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October 17, 2014

Building a Team, Office, Culture, and Destination

by derekespeer

By the time you complete this series, you should have a better understanding of where you are, where you are going, why you are doing it, and a road map as to how you’ll do it. As with anything else, it will take practice. Always remember, you can’t do it on your own, it takes the collective effort of you and your team to meet and exceed your goals.

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Section I. Where You Are

Before we start to dig deep into recruiting, talent acquisition, and growth; it is best to evaluate and assess our current opportunities. In other words, clean your house before you invite guests. There are at least 12 areas of focus for your current office.

Focus 1.   Leadership

Leadership is perhaps THE MOST IMPORTANT aspect of any business, including your office and/or team.

You are the captain steering the ship. All others seek you out, most often in their time of need, crisis, or to use you as a fire extinguisher. Your ideas, attitude, ethics, and persistence will ideally reflect on and in your team on a daily basis.

In a business environment, which revolves around competitive advantage, there is always the most important common denominator – YOU. You determine the future of your team.

Leadership is different from management style, so it is important to recognize the difference.

What is your management or leadership style? We’ll discuss three of the more common styles.

The Boss

  • You run things your way or the highway.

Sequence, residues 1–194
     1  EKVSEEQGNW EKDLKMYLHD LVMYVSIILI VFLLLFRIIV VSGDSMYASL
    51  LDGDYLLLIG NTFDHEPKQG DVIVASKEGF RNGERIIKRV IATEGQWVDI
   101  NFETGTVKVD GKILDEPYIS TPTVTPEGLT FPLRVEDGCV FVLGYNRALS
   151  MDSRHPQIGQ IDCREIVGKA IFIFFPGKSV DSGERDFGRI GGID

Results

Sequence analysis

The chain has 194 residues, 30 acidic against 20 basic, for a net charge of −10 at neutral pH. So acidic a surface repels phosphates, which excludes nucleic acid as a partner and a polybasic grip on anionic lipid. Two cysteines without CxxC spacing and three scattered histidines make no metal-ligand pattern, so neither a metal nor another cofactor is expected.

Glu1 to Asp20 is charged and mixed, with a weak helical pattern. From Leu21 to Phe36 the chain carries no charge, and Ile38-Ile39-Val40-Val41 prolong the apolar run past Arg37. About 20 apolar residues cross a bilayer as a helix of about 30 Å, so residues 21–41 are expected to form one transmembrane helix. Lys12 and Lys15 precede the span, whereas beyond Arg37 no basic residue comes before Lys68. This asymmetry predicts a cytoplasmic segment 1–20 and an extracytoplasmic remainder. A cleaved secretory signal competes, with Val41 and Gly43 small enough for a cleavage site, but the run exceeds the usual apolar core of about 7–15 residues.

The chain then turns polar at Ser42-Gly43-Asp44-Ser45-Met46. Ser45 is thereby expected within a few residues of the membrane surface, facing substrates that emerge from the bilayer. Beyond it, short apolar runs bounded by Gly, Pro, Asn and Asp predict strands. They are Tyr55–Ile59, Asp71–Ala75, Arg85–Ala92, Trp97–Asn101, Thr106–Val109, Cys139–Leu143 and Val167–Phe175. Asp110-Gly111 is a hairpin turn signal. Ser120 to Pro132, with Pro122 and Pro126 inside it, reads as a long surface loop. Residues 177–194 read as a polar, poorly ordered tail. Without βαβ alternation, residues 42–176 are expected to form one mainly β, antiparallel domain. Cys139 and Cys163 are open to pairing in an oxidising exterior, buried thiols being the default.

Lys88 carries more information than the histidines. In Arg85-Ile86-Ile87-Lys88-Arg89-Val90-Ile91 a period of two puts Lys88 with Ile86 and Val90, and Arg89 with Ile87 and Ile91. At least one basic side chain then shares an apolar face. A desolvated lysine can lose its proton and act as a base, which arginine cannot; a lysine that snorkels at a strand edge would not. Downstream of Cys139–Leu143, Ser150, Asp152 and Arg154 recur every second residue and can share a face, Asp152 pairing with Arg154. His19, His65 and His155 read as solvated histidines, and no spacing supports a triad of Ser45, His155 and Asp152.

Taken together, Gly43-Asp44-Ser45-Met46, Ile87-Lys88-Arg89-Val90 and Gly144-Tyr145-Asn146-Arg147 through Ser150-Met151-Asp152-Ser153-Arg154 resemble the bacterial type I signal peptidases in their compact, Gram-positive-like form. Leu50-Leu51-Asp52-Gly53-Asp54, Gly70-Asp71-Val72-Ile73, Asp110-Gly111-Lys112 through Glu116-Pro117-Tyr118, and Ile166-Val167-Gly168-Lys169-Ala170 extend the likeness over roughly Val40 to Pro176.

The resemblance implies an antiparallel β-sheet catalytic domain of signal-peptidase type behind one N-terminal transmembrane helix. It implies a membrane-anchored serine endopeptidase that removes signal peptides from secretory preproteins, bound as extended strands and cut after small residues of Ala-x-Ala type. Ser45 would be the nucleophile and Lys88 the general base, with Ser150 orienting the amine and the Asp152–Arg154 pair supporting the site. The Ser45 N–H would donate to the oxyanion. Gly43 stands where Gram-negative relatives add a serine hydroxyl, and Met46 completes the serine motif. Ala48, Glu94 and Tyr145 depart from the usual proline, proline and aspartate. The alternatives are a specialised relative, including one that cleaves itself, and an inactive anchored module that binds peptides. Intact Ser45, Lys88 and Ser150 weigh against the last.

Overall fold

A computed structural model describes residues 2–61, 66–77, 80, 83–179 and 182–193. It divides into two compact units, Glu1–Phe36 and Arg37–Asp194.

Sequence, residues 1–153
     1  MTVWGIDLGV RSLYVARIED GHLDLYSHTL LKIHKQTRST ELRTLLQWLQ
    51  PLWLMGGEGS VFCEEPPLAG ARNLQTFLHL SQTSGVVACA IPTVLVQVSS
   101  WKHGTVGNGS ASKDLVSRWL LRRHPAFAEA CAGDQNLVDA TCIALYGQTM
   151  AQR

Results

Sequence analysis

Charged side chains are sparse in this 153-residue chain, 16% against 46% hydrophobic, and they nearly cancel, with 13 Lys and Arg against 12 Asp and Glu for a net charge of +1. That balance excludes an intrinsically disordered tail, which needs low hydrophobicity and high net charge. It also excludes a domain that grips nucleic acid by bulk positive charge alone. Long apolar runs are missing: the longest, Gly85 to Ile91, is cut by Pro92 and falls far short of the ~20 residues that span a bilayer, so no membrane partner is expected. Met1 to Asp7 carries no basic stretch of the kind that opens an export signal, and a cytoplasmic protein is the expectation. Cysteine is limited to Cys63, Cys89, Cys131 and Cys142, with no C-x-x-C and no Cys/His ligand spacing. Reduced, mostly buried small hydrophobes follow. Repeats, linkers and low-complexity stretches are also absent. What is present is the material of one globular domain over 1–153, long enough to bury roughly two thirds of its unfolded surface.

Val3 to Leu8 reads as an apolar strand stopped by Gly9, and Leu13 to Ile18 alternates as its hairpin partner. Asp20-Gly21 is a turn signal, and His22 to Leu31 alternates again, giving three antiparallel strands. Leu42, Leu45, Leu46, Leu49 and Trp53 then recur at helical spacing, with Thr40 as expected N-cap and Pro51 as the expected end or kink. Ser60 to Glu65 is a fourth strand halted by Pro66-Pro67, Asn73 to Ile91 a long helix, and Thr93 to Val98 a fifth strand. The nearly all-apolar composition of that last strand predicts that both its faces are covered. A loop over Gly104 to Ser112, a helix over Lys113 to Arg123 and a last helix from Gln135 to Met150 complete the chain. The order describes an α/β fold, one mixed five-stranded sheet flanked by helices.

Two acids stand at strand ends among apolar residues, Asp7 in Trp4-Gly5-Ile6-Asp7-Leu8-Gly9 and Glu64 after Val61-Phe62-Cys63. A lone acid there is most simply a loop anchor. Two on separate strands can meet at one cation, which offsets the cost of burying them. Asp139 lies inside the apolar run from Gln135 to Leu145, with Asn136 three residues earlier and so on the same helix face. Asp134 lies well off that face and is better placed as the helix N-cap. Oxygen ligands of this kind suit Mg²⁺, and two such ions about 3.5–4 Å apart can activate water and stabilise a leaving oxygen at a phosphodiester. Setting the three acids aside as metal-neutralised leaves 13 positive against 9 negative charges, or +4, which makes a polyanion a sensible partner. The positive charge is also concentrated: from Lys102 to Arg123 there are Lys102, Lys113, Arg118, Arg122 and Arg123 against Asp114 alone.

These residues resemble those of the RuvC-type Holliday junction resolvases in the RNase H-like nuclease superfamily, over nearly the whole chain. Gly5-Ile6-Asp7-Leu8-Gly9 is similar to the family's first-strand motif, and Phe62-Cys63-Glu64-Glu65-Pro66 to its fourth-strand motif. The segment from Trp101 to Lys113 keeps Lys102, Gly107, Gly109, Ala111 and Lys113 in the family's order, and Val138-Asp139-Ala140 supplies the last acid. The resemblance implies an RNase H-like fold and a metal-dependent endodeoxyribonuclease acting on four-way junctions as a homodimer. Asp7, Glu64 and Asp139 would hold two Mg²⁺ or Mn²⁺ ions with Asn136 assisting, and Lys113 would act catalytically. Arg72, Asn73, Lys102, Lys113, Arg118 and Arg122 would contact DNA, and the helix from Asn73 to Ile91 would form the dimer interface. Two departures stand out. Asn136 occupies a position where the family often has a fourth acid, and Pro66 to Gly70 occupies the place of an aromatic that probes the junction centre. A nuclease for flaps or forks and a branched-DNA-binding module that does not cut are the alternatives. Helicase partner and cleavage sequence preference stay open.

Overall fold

• When you tell someone what to do, you tell them how to do it, without room for interpretation or improvisation.   This is referred to in management studies as an autocratic method, in which you exert total control and little to no negotiation.
  • Although this style may be needed in times of crisis or in a business which deals with rank, it often times leaves employees feeling like you do not value them or their input.
  • You will often time see high turnover of lower ranking employees.

The Listener

Have you ever heard of someone listening themselves out of a sale?

  • You value input from your employees prior to making a decision.
  • Employees often times have multiple channels to provide you feedback, such as surveys and roundtables.
  • Your employees are engaged because they have stake in the game.
  • Employee enthusiasm is high and leads to higher levels of success and lower levels of turnover.
  • The drawback? It can take a long time to get everyone on board if an outcome doesn’t please everyone, thus potentially leading to missed opportunities.

The Ambassador

A more democratic style of management, you assign tasks or initiatives and allow your employees the opportunity to figure out problems and solve based on their own intuitions.

  • When it comes to decisions, you rely on a popular opinion from all your delegates.
  • Employee self-esteem is high, as is morale.
  • Employees are engaged and have a sense of belonging.
  • Your turnover is often low.
  • As with the Listener, decisions may often take more time to come to fruition.
  • The most important part of this culture is highly qualified delegates. You must have entrepreneurial, progressive leaders. Otherwise, you may encounter lack of motivation and poorly defined duties.

So, which style are you? If you answered a combination, congrats, you understand the importance of all the above.

To use a Sun Tzu reference from MBA studies, The Boss wins in times of war, a Listener gets his/her strength from consensus, and the Ambassador enables potential.

DE

 

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